Thursday, May 3, 2012

Barclays discovers the Japanese model and what it implies for EU banks

In a Guardian column, Jill Treanor describes how analysts at Barclays have discovered the Japanese model and what it means for EU banks.

Under the Japanese model for handling a bank solvency led financial crisis, bank book capital levels are protected.  As a result, losses are only recognized as banks generate earnings in excess of banker bonuses, dividends to shareholders and a de minimus retention of earnings.

From a regulatory perspective, policies like regulatory forbearance are adopted.  This facilitates hiding bad loans on and off the banks' balance sheets.

Specifically, the analysts have noticed that banks are hiding their losses.
Japan's economic collapse twenty years ago caused chaos in the banking system. Analysts at the investment banking arm of Barclays are now pointing to similarities between the fate of European economies and their banks. 
While the analysts point to differences - Europe's banks are more profitable and not trying to hide their losses in the way Japan's banks did during the 1990s crisis - they also see similarities emerging, in part because of the European Central Bank's long-term refinancing operation (LTRO) which is throwing liquidity at the banks.
Clearly, the EU banks are hiding their losses.  Just look at the valuation of their sovereign debt exposure to remove all doubt.
Their theory is that European banks will start to hold more sovereign bonds as a result of the LTRO, which happened in Japan post-crisis where banks went from holding 6% of their balance sheets in government debt to more than a quarter now.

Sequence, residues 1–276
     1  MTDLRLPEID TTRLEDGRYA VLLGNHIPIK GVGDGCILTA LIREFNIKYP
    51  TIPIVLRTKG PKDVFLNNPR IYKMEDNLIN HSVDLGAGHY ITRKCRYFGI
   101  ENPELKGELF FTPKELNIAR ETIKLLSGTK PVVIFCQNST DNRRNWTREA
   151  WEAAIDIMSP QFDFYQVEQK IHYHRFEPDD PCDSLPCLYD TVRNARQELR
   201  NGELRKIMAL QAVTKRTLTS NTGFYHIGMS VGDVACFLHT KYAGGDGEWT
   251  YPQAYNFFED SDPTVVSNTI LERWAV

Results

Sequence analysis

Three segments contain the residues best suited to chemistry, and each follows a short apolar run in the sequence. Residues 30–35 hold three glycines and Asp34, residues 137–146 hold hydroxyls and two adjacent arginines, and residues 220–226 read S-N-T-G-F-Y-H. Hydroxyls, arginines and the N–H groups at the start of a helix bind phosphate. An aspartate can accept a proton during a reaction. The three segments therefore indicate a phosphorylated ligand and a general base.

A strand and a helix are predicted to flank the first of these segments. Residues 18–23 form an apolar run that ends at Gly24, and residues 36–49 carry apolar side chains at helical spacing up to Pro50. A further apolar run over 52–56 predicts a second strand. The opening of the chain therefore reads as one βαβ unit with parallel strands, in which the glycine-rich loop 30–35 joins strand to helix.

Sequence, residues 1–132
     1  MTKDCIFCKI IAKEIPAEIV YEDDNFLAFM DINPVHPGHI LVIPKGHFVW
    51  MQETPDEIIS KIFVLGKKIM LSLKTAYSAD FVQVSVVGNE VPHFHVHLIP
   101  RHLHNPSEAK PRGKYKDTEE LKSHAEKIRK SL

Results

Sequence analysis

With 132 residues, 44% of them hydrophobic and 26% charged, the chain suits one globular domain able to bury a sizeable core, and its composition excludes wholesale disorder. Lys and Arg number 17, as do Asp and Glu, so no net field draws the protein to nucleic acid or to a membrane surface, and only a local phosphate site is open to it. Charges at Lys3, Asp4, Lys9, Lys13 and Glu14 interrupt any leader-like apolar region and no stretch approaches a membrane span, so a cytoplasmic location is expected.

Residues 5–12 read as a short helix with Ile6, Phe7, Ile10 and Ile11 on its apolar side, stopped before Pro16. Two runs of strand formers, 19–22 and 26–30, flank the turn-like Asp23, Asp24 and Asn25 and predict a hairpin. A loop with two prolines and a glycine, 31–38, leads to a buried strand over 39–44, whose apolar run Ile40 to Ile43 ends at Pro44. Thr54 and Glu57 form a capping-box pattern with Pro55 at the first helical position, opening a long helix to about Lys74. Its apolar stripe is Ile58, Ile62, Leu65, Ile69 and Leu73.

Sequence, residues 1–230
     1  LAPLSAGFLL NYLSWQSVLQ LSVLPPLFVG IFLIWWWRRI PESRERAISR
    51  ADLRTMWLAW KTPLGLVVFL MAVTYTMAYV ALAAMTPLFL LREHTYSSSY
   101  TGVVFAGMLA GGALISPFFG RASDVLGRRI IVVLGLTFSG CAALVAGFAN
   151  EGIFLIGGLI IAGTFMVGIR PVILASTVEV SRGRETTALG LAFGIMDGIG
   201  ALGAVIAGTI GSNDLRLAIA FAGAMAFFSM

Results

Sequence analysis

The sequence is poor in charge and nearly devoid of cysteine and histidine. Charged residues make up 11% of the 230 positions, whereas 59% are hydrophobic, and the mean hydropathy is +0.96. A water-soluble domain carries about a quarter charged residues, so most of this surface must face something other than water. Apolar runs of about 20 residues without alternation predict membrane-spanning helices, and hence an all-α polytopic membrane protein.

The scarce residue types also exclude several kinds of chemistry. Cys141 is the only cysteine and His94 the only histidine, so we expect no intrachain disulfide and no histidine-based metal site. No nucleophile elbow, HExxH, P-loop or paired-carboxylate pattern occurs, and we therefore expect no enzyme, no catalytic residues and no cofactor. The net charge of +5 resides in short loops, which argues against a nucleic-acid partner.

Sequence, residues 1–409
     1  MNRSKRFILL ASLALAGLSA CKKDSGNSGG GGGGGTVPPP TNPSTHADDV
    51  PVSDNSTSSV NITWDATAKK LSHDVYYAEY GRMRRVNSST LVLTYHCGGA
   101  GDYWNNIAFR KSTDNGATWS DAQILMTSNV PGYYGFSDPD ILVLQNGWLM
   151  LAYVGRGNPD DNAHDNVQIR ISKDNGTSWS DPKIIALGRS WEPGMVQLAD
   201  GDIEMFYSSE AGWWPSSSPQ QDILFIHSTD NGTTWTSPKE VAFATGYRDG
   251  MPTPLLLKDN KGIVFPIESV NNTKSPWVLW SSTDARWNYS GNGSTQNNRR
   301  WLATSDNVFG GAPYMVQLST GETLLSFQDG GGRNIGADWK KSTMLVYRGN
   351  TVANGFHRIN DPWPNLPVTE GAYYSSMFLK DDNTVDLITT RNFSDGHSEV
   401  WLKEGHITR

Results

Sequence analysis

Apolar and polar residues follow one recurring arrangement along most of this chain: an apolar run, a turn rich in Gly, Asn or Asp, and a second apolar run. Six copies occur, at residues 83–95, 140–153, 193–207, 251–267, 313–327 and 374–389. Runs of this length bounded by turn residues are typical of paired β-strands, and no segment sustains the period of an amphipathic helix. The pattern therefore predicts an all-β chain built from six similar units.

This has reduced Japan's private sector credit from 60% of banks' balance sheets to 42% now. Europe's banking sector has 57% of its balance sheet in private sector loans and 4% in government debt at the moment. 
But they also reckon that the "clearest evidence" of what they call "Japan-isation" of the banks is the way shares are trading on the stock market. 
They write: 
Both banking systems reached c20% of their respective stock markets, and six years from peak, both halved to around c10%. Worryingly, Japan's banks then went on decline a further 40% over the next half decade. 
The "distinguishing feature" of the Japanese crisis was the way banks kept their bad debts low by lending more to troubled borrowers...
Something that is happening in the EU.
But to go back to the similaries, there has been a very similar stock market reaction. Six years on from their peaks both banking sectors have lost half their value. 
What might happen next? This chart shows how Japan's banks then went on to underperform the stock market by more than 40%. 
Japanese v eurozone banks  
The Barclays analysts argue the picture might not be quite as bleak for Europe, as Japan's banks continued to suffer losses as they were slower to recognise bad debts. 
They conclude that future "Japan-isation" of European banks would likely require large parts of the system to make retained losses - which they reckon might happen in some parts of the Spanish and UK banking systems.
The only way that the EU banking systems will recognize their bad debt faster than Japan has is if the Swedish model for handling a bank solvency led financial crisis is adopted and banks are required to recognize their losses.

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